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Re: The sanctions: a crime against humanity but not genocidal?

Hi Eric

Thanks for this feedback. Some points:

1) I'd say that 1 million out of a population of 20 million is a very high 
proportion. To me it's the proportion that matters - what proportion 
of gipsies did the Nazis kill compared to the proportion of Jews 

2) As to intent, I would argue that ignorance would be a defence but 
continuing with a policy knowing full well its outcomes would make 
any defence much more difficult. Mrs Albright's past 
acknowledgement of the human costs is highly significant.  

3) In English Law there has been a particular distinction made eg:
 - if someone is having a heart attack and you don't go and get 
them the pills, that you know will save them, then you are not guilty.
 - if in the above situation you deprive them of the pills then you are 

4) The problem in this case is pinning down the guilty parties.

In Iraq's case the Iraqi government would be innocent of this 'crime 
against humanity' even if it knowingly did not do what the UNSC 

The UNSC (or more particularly the US & the UK) are doing the 
depriving - therefore guilty!

I think that the increasing use of the term 'genocide' with respect to 
the sanctions on Iraq is due to:

1) the growing realisation of the sheer scale of the number of deaths
2) the perception that the US & UK have pursued their policies in 
the full knowledge of the numbers involved

> This is an difficult and emotive subject. 
> The 1948 Convention on the Prevention and Punishment of 
> Genocide defines genocide as 'any of the following acts 
> committed with intent to destroy, in whole or part, a 
> national , ethical, racial or religious group: (a) Killing 
> members of the group; (b) causing serious bodily or mental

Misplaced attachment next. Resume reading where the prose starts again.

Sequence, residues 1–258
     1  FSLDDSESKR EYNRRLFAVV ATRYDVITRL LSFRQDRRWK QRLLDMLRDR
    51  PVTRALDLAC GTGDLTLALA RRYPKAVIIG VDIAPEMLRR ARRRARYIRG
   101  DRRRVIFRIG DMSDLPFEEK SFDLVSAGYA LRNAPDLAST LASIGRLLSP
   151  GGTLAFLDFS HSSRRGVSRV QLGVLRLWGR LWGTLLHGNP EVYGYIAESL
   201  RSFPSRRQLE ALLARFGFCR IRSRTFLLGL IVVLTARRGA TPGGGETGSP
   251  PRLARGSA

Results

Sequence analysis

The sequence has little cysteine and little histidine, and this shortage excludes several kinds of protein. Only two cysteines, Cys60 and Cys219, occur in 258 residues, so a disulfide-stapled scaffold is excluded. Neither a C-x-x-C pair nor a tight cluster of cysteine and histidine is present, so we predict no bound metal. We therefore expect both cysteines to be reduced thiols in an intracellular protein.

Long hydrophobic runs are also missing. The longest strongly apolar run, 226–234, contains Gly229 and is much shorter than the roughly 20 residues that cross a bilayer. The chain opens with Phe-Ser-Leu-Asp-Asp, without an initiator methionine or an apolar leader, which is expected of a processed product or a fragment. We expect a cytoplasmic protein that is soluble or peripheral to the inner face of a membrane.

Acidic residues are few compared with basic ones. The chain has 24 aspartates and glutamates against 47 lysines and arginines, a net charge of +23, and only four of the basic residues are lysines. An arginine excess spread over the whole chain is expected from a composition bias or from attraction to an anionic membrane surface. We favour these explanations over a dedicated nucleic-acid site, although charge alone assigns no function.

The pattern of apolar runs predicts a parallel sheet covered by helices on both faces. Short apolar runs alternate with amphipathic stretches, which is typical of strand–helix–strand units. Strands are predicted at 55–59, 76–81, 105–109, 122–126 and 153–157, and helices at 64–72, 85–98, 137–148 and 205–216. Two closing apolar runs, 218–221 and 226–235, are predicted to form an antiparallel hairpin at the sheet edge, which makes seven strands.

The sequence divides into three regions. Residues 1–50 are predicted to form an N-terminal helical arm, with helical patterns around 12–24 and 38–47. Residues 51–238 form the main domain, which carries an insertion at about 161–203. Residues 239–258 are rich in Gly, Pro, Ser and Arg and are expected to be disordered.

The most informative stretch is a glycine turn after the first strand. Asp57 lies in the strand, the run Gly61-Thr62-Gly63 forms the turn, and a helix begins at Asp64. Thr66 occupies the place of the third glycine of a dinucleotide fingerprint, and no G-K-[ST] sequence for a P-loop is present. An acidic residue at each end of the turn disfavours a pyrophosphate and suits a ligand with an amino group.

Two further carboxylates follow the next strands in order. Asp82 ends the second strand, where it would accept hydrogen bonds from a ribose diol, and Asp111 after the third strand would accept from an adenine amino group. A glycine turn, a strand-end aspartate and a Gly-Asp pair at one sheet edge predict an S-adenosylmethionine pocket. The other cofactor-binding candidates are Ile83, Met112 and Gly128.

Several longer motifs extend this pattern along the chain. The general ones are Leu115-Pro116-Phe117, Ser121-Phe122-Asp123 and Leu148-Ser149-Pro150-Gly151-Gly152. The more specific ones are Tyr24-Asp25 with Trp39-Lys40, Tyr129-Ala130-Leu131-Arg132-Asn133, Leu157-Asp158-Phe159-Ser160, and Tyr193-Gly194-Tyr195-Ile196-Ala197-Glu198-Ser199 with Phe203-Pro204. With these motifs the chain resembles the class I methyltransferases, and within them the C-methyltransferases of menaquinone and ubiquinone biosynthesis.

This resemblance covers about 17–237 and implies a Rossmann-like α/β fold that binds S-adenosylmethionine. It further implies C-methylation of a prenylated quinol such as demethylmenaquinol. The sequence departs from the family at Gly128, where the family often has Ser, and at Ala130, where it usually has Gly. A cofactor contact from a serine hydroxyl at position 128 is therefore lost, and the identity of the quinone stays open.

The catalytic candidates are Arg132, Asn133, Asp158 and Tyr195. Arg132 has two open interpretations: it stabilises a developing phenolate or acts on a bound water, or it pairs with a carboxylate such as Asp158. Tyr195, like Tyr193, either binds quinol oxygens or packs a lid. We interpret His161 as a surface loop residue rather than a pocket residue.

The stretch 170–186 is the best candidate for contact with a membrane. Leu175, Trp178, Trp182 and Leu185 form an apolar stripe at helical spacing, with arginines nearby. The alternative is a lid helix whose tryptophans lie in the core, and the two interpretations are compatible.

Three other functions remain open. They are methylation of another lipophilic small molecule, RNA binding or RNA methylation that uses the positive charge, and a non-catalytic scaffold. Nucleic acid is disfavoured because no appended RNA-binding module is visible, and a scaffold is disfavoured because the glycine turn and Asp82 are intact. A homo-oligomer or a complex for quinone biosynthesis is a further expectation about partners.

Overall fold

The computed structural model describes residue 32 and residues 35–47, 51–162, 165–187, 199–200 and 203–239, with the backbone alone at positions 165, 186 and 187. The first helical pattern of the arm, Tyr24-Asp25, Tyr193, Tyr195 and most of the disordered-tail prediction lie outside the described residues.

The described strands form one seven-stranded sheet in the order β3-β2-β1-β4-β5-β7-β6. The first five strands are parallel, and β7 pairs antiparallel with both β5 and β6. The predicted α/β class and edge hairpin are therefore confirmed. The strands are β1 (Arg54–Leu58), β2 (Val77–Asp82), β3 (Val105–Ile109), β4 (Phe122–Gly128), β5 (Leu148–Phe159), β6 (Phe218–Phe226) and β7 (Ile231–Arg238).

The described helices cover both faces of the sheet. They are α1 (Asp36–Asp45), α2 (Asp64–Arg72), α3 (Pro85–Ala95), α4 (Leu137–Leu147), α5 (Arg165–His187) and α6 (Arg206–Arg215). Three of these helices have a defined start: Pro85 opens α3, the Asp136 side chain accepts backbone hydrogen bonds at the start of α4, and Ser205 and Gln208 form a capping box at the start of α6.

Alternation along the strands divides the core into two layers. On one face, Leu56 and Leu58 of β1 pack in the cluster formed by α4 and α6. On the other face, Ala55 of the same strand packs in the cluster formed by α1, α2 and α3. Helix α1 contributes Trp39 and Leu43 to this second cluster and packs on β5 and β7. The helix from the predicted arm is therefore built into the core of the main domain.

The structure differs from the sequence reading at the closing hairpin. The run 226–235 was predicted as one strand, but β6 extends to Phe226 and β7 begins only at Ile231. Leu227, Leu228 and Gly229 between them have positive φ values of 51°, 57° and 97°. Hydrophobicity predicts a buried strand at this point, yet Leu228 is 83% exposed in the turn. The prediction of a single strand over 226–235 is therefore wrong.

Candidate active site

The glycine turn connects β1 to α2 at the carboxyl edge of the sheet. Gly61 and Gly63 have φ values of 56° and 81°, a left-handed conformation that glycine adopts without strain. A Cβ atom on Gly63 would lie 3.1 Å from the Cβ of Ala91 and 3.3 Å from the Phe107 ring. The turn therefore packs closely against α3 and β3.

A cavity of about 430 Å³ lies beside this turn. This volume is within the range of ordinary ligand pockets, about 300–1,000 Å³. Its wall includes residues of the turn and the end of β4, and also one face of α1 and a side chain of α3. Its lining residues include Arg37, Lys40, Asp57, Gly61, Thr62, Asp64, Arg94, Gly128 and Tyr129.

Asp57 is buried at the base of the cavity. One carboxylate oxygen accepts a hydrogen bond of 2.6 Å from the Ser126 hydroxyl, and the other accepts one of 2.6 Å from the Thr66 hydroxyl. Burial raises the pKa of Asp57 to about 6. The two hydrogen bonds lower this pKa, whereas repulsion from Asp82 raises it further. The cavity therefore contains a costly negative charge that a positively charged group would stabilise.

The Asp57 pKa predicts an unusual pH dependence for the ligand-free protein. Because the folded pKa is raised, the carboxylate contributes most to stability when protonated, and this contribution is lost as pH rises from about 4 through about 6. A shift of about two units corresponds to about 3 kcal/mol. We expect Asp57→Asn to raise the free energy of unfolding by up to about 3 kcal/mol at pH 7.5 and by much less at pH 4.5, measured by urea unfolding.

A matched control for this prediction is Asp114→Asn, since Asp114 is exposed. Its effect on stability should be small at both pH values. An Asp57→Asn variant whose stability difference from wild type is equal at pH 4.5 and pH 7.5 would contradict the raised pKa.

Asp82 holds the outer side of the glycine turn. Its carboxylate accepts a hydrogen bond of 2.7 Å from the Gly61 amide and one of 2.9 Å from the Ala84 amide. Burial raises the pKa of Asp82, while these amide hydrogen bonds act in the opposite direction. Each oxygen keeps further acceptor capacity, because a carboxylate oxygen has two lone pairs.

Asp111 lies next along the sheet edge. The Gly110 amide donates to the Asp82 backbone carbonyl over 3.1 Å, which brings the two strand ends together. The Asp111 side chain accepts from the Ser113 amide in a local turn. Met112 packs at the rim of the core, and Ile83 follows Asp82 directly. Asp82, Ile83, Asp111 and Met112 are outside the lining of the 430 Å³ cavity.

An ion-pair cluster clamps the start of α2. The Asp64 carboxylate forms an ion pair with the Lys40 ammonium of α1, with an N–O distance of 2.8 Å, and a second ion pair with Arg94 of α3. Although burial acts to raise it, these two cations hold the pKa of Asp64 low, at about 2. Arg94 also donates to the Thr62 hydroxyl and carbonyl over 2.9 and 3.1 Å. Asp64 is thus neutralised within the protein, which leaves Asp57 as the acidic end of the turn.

> harm to members of the group; (c) deliberately inflicting 
> on the group conditions of life calculated to bring about 
> its physical destruction in whole or part; (d) imposing 
> measures intended to prevent births within the group; (e) 
> forcibly transferring children of the group to another 
> group.' 
> This is a highly premissive definition (eg how small a part 
> of that group? One person?) which goes well beyond the 
> popular conception based on the Holocaust faced primarily 
> by the Jews by the Nazis. In particular, people usually 
> think primarily of genocide primarily in terms of mass 
> killing in order to eliminate a particular group as 
> completely as possible. 
> A central issue of interpretation is 'intent': even if the 
> sanctions are having the effect of destroying the Iraqi 
> nation in whole or in part, the sanctions supporters deny 
> that that is their intent (and indeed argue that they are 
> trying to prevent such destruction).
> In the terms of the Convention, to say that the sanctions 
> are genocidal in effect even if not in intent is just 
> incoherent, as the Convention defines genocide in relation 
> to intent.
> For analysis of the conceptual and legal relationship 
> between 'genocide' and the increasingly widespread 
> term 'ethnic cleansing', see Natan Lerner, 'Ethnic 
> Cleansing' in Yoram Dinstein (ed.), Israeli Yearbook on 
> Human Rights, 24, (The Hague: Martinus Nijhoff Publishers, 
> 1995) 103-117 and Drazen Petrovic, 'Ethnic Cleansing - An 
> Attempt at Methodology', European Journal of International 
> Law (1994) 5: 342-59.
> The most important point in my view here is that whether or 
> not one calls the sanctions genocidal is not an issue if 
> indisputable fact but an irresolvable one of interpretation 
> and values. My values and my interpretation lead me to not 
> call the sanctions genocidal. I prefer to stick to 'crime 
> against humanity'. But I do not think that that somehow 
> closes the issue. It is perfectly understandable that some 
> might decide that what is meant by genocide has changed or 
> should change. Indeed, I am open to persuasion that this is 
> so. There are good arguments on both sides of this.
> I hope that this is of some value.
> Best wishes
> Eric

Mark Parkinson

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